Basics Of Diatonic Modes

Basics Of Diatonic Modes

Before get started with different types of diatonic modes, we should have to look the basics of diatonic modes. So, that you can easily understand them. In case you haven’t visit the diatonic scale blog, please give a visit, it helps you to understand all these in a better manner.

Over here, in basics of diatonic modes we going to look at few important terms related to diatonic modes, which are Relative Modes (their sub types too), and Parallel Modes.

If there is one thing that scares musicians, in particular guitarists, it is the diatonic modes. Widely known but rarely understood, “the modes” are nearly mythic for many players at many levels.

Most of us know that the modes are essential, that great players know all about them. Still, it feels like they are miles away — part of what people call “music theory” and not at all the sort of thing that we can understand, much less make use of.

Maybe you have heard of modal jazz and believe that the modes are of interest to advanced jazz players with years of formal training but that they are otherwise unnecessary or beyond our reach.

But the modes are not monstrous. They are not a myth. They are not only for people who spend their 20s in music school. They aren’t just for jazz musicians, and they aren’t, once you have learned them, any more difficult to use than any other scales. What they are, however, is essential.

When we talk about modes and scales, we talk about two ways to relate to one another consonantly. One is being in parallel, and the other is being relative.

The modes give us a way to understand the interconnectedness of different scales, offer us various scales to choose from in many situations, and give us the tools to compose or improvise in any number of ways over and in virtually any harmonic framework.

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We have seen that a mode is simply a re-orientation of a scale, treating a different note as the root and re-defining the other notes in the scale. The notes stay the same, but since the harmonic center is different, the set of intervals has changed (a perfect 5th in the A minor scale becomes a major 3rd in the C major scale). And that is the essence of modality — the fact of the relative harmonic value of notes.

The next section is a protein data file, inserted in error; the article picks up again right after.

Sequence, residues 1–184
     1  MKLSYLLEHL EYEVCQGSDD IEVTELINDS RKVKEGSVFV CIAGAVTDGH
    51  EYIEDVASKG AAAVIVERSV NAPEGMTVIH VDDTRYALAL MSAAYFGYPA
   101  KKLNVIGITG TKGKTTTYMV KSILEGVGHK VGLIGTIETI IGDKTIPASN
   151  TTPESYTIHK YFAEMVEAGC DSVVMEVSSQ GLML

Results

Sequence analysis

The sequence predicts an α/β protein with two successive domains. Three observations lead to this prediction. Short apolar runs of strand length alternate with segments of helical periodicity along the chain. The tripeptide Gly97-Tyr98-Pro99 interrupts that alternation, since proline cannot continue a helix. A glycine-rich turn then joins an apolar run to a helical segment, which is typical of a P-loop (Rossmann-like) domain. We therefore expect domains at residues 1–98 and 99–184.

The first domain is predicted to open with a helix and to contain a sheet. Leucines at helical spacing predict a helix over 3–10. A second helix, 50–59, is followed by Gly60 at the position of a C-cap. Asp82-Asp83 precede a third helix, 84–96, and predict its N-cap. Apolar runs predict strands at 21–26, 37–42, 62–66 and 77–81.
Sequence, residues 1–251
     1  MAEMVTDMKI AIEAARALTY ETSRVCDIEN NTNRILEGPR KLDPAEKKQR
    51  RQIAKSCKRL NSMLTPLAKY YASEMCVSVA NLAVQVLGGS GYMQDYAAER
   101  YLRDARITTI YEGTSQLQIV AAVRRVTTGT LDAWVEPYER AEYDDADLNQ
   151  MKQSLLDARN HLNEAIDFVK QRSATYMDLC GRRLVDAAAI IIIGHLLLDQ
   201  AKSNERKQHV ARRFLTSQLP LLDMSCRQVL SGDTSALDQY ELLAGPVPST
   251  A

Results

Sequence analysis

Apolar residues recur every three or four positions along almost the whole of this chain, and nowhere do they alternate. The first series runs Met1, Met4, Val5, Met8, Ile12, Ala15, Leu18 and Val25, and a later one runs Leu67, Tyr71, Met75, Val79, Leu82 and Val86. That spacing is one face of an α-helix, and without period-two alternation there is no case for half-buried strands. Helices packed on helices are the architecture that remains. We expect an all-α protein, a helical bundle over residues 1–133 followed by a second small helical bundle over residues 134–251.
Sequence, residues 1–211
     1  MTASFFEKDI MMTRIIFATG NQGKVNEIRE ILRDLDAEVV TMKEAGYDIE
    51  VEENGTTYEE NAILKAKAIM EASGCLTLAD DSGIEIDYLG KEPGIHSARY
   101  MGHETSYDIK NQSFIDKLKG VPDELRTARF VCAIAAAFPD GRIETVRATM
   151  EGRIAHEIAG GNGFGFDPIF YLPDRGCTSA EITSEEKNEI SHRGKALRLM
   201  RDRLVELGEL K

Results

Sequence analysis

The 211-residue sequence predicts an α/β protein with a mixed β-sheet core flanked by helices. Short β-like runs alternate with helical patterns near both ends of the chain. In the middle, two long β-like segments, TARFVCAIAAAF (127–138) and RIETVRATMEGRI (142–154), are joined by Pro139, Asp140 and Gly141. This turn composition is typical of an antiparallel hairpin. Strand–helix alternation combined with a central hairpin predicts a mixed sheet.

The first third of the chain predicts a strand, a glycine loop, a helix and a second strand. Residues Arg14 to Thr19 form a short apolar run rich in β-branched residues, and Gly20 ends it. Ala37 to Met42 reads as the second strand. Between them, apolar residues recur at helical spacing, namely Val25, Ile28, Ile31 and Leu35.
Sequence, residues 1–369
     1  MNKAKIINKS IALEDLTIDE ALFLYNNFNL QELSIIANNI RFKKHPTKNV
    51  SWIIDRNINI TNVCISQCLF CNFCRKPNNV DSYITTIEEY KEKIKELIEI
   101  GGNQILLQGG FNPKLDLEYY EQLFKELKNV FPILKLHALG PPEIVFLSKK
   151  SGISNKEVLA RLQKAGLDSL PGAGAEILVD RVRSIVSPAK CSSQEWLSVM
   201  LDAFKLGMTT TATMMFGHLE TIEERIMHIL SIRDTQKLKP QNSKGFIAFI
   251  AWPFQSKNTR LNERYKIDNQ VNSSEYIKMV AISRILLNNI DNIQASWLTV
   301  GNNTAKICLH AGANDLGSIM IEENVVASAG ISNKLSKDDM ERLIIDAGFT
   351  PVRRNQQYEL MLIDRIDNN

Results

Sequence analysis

A note is not a static, unchanging thing; a note does different things in different contexts (depending on the harmony playing underneath or in the background). It is relative. That is the fact that confuses many players, and it is why the modes are often avoided.

Before going any further, it is crucial to understand a few terms.

Relative Modes

Relative modes are what most of us think about when we think about “the modes,” It is how the modes have been presented thus far. Relative modes are scales that contain all of the same notes but begin at different places. C major and A minor are relative scales, same as G major and E minor.

Coming back to the minor pentatonic modes, it was said that all of the modes of the minor pentatonic are relative to one another because they share the same notes, as we’ve seen: for example, A minor pentatonic and C major pentatonic are relative scales, same as the mode 3 of A minor pentatonic in D and A minor pentatonic, and so on.

Relative modes are proper when extending the range of a piece up or down the harmonic space on a guitar fretboard. They are also helpful when figuring out which chords will substitute best for other chords, but we’ll get to that later in the book.